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Remnants of a Cowboy

Remnants, remains,
Shards of broken clay.
Glued and screwed together.
God assembled him that way.

Foreign sinews
Threaded muscles.
Wire-tied, body and bone.
An erector set, his body.
Bent to ride a big blue roan.

Assemble all the pieces,
And put him in chute three.
There’s a bucking horse called, Outlaw
For an insane man…like me.

 © 2010, August 'Ausprey' Adler
This poem may not be reprinted or reposted without the author's written permission.

One of my boys has been a wrangler at Mancos Ranch in Colorado for a couple of years now. Last year he rode his first bronc. He called prior to the ride wondering if any insurance was in place. The blue roan he rode was Indian Outlaw. Coyboyin' is in his blood. He has a way with horses, much like my dad. He lends a hand at a cattle ranch now and again.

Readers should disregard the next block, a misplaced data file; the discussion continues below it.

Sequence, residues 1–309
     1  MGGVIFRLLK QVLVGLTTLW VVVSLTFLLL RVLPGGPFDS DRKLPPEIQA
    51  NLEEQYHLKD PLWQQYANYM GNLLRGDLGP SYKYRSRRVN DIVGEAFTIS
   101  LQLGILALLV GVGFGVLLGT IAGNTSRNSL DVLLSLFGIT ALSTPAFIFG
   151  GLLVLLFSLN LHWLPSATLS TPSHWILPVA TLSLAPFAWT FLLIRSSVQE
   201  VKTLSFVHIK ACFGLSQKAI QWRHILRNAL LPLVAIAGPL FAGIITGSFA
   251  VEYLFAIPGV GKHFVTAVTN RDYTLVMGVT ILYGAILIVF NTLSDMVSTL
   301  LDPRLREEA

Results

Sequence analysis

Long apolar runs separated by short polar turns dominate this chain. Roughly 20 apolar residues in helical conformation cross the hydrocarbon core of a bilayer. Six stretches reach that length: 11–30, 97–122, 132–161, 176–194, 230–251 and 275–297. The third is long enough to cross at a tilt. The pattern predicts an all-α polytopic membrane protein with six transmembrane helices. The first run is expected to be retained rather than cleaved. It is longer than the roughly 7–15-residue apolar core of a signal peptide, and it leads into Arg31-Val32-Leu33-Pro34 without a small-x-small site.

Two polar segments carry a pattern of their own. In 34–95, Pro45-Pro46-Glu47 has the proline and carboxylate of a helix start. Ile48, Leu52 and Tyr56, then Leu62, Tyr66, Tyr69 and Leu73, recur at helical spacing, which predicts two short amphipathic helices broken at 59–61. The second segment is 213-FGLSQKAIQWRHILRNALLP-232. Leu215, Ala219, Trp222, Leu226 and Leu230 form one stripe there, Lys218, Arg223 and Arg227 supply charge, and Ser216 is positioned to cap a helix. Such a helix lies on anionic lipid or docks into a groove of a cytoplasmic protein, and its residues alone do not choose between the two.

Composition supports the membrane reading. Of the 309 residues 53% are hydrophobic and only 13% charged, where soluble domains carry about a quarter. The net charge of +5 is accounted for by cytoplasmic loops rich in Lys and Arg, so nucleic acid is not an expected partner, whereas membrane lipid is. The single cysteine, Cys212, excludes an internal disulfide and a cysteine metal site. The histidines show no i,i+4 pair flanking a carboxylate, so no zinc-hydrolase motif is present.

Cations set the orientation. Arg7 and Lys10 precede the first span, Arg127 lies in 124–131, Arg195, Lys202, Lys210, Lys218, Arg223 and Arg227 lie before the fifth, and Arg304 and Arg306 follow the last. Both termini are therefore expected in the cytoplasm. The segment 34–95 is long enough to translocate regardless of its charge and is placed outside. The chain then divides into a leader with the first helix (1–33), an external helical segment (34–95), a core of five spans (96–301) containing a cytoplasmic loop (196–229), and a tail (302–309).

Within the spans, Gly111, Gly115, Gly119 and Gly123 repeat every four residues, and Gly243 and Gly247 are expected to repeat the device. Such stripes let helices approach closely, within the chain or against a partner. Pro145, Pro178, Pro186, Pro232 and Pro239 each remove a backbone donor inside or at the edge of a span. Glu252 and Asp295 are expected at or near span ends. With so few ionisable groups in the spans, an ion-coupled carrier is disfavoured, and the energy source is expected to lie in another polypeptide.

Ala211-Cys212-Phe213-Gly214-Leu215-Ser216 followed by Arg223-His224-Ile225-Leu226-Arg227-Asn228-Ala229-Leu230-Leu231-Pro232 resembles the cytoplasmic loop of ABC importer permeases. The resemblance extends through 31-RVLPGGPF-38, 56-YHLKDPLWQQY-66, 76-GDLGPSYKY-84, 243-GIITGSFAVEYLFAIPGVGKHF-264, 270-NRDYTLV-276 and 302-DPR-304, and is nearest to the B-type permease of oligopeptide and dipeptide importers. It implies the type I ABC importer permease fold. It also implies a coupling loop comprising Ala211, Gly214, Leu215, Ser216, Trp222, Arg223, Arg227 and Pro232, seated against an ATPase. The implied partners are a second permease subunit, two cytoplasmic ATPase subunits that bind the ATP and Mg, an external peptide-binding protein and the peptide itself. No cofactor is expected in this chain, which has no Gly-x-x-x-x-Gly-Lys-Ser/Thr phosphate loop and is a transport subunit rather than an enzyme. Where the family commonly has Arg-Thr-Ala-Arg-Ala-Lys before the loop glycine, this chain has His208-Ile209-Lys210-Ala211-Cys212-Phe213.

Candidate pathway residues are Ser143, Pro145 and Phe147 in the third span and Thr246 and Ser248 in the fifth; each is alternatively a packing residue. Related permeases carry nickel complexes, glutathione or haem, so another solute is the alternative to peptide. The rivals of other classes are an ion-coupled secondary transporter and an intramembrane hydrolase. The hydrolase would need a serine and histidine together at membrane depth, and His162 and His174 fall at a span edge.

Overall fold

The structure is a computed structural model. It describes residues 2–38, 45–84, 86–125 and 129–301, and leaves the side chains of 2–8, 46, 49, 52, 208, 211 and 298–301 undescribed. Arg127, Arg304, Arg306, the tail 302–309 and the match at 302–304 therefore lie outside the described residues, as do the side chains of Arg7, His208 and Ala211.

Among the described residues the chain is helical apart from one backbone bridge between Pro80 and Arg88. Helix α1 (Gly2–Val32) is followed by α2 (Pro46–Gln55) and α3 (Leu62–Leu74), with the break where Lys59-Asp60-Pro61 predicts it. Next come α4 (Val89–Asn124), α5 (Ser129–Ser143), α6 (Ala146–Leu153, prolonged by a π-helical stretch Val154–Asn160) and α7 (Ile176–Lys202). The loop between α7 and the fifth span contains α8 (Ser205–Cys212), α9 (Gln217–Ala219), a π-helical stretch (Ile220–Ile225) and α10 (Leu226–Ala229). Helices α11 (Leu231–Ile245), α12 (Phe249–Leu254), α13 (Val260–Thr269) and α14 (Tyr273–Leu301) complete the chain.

The broken body part of my poem is more about the ligaments and screws piecing me together. Based on the motto, "Never been a horse that can't be rode...and never been a cowboy that ain't been throwed," I combined our experiences to come up with this piece. A horse or two always managed to find a way to my dad. He was very good as a Horse Whisperer. Some of the horses that came his direction were headed for slaughter houses, but he found ways to bring them back to life, and back to working lives. Dad loved horses. I hope at least a fraction of his genes rubbed off on my son.




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